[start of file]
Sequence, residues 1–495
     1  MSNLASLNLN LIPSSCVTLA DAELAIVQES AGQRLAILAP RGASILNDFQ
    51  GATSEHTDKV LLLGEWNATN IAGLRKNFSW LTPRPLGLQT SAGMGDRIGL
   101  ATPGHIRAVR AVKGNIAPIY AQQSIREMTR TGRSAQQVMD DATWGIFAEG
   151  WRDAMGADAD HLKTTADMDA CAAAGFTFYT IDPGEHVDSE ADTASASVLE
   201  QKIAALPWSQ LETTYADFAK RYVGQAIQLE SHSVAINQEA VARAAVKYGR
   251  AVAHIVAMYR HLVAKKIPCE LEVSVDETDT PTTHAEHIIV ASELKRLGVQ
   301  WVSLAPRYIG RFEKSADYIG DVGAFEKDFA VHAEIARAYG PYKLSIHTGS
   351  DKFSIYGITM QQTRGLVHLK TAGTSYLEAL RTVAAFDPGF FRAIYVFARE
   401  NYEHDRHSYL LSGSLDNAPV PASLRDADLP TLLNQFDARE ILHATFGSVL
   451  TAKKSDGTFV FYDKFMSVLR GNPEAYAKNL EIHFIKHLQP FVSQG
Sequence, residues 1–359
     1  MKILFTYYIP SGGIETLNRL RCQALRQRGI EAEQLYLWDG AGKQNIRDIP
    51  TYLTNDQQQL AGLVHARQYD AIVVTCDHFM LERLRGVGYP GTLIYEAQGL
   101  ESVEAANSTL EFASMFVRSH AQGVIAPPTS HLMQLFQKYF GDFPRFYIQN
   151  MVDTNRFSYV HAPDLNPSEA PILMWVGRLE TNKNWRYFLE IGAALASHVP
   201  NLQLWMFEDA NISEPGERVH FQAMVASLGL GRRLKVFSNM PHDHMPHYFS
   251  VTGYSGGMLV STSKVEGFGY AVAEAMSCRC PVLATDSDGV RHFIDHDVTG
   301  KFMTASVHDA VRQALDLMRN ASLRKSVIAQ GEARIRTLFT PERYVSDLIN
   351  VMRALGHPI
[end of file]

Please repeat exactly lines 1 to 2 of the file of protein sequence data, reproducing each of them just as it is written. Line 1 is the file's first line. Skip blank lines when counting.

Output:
Sequence, residues 1–495
     1  MSNLASLNLN LIPSSCVTLA DAELAIVQES AGQRLAILAP RGASILNDFQ